Kate Openshaw                       Tom Elwin

Amy Cardigan

Krzysztof Chorzelski, Belcea Quartet

Julia Sitkovetsky


Emma Denton, Carducci Quartet



Mark Anthony Turnage, composer

Isabella Nicola Cabrera was born ten years ago without a left hand.

This week she played the violin for the first time, thanks to a device fitted by the engineering department of George Mason University.

More here.

The YAS Quartet has cancelled a concert in Halifax for the second time because of ‘an immigration issue involving Russian violinist Artem Kolesov.’

Kolesov is the Russian violinist who last week issued an impassioned statement on being Russian and gay in the 21st century. Watch his video here.

Musicians of the Metropolitan Opera, 42 of them, are playing today for injured servicemen at the 23rd Street Veterans Affairs NY Harbor Healthcare System Facility.

It’s an initiative of several members of the orchestra, a way of reaching out to a wider community. Something the instutition they work for fails signally to do.

Details here.

We have been sent a link to ‘a newly formed pension awareness group’ of US-based musicians who are worried about the management of the AFM pension pot.

Here’s how it begins:

As you may have heard, our hard-earned pension benefits could be slashed to a negligible monthly payout once we retire. Our Fund Trustees say this is due to a series of unfortunate events, but it seems more and more clear that the true unfortunate event is that they are responsible for a decade of poor performance, and have been less than transparent about the health of the Fund. 

It’s true that in 2008 we incurred catastrophic losses to our pension fund. That was a terrible year in the market for all, and during that crash almost every multiemployer fund suffered substantial losses. But our pension fund performed much worse … AFM-EPF lost nearly 40% (AFM website)  of assets spanning the 18 months surrounding the crash, while other funds suffered an average of 25%. After that difficult period, the majority of multiemployer pension funds bounced back, and 60% of those plans were back in the Green Zone by 2011 (PBGC). Not ours, however. The AFM-EPF fund continued to underperform every single year.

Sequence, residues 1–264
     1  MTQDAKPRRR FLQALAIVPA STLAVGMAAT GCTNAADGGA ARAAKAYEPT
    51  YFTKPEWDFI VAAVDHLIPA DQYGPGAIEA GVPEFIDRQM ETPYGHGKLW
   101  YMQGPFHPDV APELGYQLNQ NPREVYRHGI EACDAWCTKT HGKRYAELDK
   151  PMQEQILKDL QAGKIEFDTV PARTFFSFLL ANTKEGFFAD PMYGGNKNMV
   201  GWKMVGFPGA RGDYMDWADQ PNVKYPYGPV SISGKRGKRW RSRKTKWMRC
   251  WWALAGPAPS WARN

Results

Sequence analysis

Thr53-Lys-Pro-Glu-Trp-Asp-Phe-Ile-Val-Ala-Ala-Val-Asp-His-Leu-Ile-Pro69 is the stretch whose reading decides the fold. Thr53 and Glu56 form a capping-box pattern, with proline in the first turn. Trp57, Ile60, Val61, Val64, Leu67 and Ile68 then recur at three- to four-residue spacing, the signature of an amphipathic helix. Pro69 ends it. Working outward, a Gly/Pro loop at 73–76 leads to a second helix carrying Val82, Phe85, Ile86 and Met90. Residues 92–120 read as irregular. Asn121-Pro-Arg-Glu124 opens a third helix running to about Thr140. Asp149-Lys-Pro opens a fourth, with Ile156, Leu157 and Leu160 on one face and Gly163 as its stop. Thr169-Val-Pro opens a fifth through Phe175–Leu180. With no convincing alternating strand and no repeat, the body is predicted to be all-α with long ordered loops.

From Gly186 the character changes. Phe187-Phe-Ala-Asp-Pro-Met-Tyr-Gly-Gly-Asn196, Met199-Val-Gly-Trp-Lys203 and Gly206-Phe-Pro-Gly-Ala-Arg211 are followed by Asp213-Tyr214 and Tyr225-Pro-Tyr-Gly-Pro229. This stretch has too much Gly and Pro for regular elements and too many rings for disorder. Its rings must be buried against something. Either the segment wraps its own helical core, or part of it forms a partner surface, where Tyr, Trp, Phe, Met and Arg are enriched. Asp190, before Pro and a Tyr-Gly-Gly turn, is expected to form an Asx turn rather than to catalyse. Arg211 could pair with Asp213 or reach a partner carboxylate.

Let’s talk numbers here for a minute… 

Read on here.

Tweet just in from the superorch: Leider kann das heutige Konzert der Blechbläser der Philharmoniker nicht stattfinden, wir bitten um Verständnis.

The longform version (in English):

‘Unfortunately, today’s concert of the brass players of the Berlin Philharmonic cannot take place due to several illnesses in the ensemble and must be postponed to a later date.’

The performance was meant to be:

Sarah Willis Horn

Christhard Gössling, Olaf Ott, and Thomas Leyendecker, Jesper Busk Sørensen Trombone
Alexander von Puttkamer Tuba

Jan Schlichte drums

Works by William Byrd, John Dowland, Johann Sebastian Bach, Anton Bruckner, Gustav Mahler, Malcolm Arnold, Werner Pirchner and Christian Mühlbacher

photo: Peter Adamik/Berlin Phil

The winner of the 10th Hilde Zadek competition is Monica Dewey, 27, a soprano from Atlanta, now based in Bloomington, Indiana.

The competition is a major gateway to European opera stages.

Its founder, soprano Hilde Zadek, will turn 100 later this year.

It is reported that the Merkel government is on the verge of pumping an  extra 25.7 million Euros of federal funds into Berlin’s cultural institutions.

Seven million have been earmarked for the Berlin Philharmonic, lesser amounts for the opera houses.

Read here.

Counterpoint: The case for shifting arts money to the regions.


There has been much concern in recent weeks about the future of the Copenhagen Philharmonic and Denmark’s radio orchestras, which are facing a severe subsidy cut and structural overhaul.

It is now clear that the money saved will go directly to four orchestras in Odense, Aarhus, Jutland and Aalborg.

This is a coherent policy, and one that might take root elsewhere. Orchestras in capital cities have access to private wealth and international sponsors. With a boost in central funding, regional orchestras can (if well run) begin to compete on a more level playing field.

All too often – as I outlined in my Spectator piece this month – big-city orchestras are allowed to coast on past glories while regional ingenuity is ignored.

In Glasgow, the Scottish Chamber Orchestra is letting in under-18s for free next year. In Manchester, the Hallé is experimenting with robots in partnership with Siemens. In Liverpool, the music director goes to home matches at Anfield and writes a column in the programme. In Birmingham, the players picked a music director who was under 30 (not to mention female and brilliant). And in London it’s same-old, same-old, same-old.

You can now read the full Spectator column here.

UPDATE: Merkel orders more arts money for Berlin.